When was the last time you visited a new destination? What was on your list pre Covid? Did it involve Tokyo and a trip to Disneyland? Paris, and the Eiffel Tower, perhaps?
A year and a half into this pandemic, things seem to be finally looking up as vaccinations continue to roll out.
Prime Minister Scott Morrison has announced that Australians are allowed to travel outside the country once 80% of adults are fully vaccinated.
It’s a highly anticipated event that may be putting you on the edge of your seat. You can finally make travel plans again!
But before you start perusing Tripadvisor and putting together your itinerary, we’ve prepared a primer for you so that you’ll know what to expect on your future trips abroad.
What travel means for Australians flying out of Australia
Regular air travel may not be landing any time soon, but you can hope to see the beginnings of it by December, with Airlines such as Qantas opening up some overseas flights to America, Canada, England, and Asia.
Once you start travelling, you’ll have to note requirements imposed by the Australian government and those mandated by the health departments of your destination.
Also, the requirements of these locations may vary since the pandemic recovery in each nation is at a different level.
As far as reports go, you’ll need to have a vaccine passport. Domestic travel will require this passport, and so will international travel.
You’ll present yours at customs in order to leave Australia.
The passport assures that you have been given a COVID-19 vaccine; you’re safe and not a risk to others either.
Aside from being a safety measure, the passport is meant to attract more people towards vaccination too.
As of now, you can download a certificate of your vaccination status from myGov, but soon there will be QR codes for your smartphone and chips implanted into your regular passport.
Healthcare and other officials aim to grant more freedoms to vaccinated people, this is due to the Delta variant spreading in cities such as Sydney and Melbourne.
Instead of relying on extensive lockdowns, vaccinations may be able to remove the need for quarantine requirements altogether.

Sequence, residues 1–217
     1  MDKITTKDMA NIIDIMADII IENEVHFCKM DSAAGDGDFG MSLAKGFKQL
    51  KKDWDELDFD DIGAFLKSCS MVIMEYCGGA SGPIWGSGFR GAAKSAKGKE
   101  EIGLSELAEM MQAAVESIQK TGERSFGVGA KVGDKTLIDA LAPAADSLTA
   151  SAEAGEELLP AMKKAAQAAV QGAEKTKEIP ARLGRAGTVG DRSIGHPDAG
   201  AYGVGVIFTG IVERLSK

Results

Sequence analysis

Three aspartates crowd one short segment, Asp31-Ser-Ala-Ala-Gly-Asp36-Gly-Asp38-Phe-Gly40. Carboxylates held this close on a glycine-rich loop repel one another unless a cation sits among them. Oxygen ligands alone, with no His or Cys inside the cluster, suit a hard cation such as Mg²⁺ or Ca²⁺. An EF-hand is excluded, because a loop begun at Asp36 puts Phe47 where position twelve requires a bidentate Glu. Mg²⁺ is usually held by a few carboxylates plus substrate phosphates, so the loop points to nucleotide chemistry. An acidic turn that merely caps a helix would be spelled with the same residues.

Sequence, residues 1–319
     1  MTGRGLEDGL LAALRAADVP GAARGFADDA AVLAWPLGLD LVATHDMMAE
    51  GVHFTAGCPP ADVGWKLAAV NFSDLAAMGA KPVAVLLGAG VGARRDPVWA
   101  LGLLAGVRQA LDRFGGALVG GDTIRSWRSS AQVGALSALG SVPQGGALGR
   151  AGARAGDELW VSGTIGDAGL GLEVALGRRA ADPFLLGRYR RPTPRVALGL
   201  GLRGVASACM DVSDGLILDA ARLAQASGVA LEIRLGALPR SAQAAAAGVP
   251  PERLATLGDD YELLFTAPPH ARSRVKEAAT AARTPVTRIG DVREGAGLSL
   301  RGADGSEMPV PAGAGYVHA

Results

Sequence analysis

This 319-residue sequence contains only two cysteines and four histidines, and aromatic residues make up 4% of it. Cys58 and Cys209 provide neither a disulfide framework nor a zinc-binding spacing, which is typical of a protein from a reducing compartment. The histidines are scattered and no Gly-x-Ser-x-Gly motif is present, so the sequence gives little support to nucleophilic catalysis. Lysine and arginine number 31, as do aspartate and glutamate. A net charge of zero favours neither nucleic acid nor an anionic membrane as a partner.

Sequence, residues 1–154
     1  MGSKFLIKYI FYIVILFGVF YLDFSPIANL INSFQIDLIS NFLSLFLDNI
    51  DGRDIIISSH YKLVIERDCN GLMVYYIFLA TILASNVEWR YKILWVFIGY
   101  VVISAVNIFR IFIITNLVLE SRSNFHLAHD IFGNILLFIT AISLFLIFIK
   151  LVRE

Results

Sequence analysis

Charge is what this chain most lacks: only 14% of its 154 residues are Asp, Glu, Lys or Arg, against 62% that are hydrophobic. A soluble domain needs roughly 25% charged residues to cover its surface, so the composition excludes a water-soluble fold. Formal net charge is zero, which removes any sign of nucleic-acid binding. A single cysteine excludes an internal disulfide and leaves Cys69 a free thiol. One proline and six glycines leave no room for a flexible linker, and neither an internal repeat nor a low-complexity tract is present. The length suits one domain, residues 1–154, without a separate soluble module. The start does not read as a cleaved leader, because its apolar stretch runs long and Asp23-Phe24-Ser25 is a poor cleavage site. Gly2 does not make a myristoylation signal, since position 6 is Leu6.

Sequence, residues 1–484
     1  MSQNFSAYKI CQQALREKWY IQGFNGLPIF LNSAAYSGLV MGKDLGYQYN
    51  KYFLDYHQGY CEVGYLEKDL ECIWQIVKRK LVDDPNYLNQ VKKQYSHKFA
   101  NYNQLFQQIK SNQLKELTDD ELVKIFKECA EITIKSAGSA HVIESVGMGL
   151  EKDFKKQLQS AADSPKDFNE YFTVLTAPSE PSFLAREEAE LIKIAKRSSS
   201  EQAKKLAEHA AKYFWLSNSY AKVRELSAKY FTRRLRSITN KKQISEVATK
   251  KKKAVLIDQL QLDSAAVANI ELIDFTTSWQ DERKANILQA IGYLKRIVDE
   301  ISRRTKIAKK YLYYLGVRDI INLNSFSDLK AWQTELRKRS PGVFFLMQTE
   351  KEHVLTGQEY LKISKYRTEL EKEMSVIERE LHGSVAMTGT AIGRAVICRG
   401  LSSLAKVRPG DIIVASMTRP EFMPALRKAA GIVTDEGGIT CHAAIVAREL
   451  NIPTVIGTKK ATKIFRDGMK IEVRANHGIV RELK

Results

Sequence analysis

Quarantine-free travel is significant if Australia and your place of destination are both COVID-free hubs. You won’t have to wear face masks, and you’ll be able to move around more.
However, that’s if your destination has a vaccine certification system that Australia can trust as well. ✈️
Only a few nations are working on an international system of vaccine certification. Most likely, these will be the only countries you can visit once borders reopen.
At the same time, will your vaccine be accepted by your place of travel? Australia has only approved Pfizer, AstraZeneca, Moderna, and Janssen Cilag vaccines — no Russian or Chinese ones.
So your chance of getting through customs will depend on what vaccine your destination recognises.
What you’ll deal with in post-COVID (ish) travel
Government requirements will be the least of your concerns. You have other factors to consider, for example, which flights are available.
The travel industry and its airlines currently offer limited seating due to an all-time low demand and caps on the number of people allowed on board.
Airlines also have limited COVID-19 travel to a few routes only. You can expect these restricted flights to continue as nations continue to deal with the pandemic differently.
If you plan to travel within a specific country or region, you may also have to get a separate vaccine passport.
For example, in the European Union, authorities require a digital COVID Certificate to allow quarantine-free travel throughout most of Europe.
You might have to download one of those before you pack your bags for a European holiday.
In the United States, passengers need to provide a CDC card as proof of vaccination, although you may not need a certificate by this point as long as you have an Australian vaccine passport.
Another factor to consider is the tourism sector is no longer the same. You’ll find that businesses and attractions have closed. The pandemic has hit many establishments, and you will not find some of the popular must-see attractions anymore.
Safety measures: COVID-19 tests and social distancing rules
You also can’t be too careful. It may be a good idea to pack sanitiser, wipes and tissues. At the same time, you might be asked to show a negative COVID-19 test at your destination.
Social distancing remains a good practice, too, although crowds should be scarce due to limited travel. You might not have to worry about having too much close contact anyway.
Coming back to Australia is another matter. You may have to get another negative COVID-19 test result to reenter the country.
And while you might not fall sick to the virus anymore, you could still be carrying it. So, it’s still important to make sure that you’re not a risk to others.
Coronavirus hotspots and high-risk locations to steer clear from
The latest updates tell us that flights to New Zealand are suspended in the short term due to an outbreak there.
Other travel no-nos include low-income countries, which might be lagging in terms of vaccinations.
Safe travel may come sooner than you think, and it will be worth the wait
The last year has proven a massive problem for mental health with the pandemic and perpetual lockdowns.
You may be itching to explore the outside world unhindered. Have some patience, and you’ll be there before you know it.
As vaccinations are rolling out, international travel will open up again as long as everyone stays safe and follows safety measures.
Despite the changing tourism landscape, visiting destinations for leisure with some travel adjustments is still better than being locked up at home.
Just picture that day: your luggage in the overhead department as the plane prepares for take-off. Adventure awaits!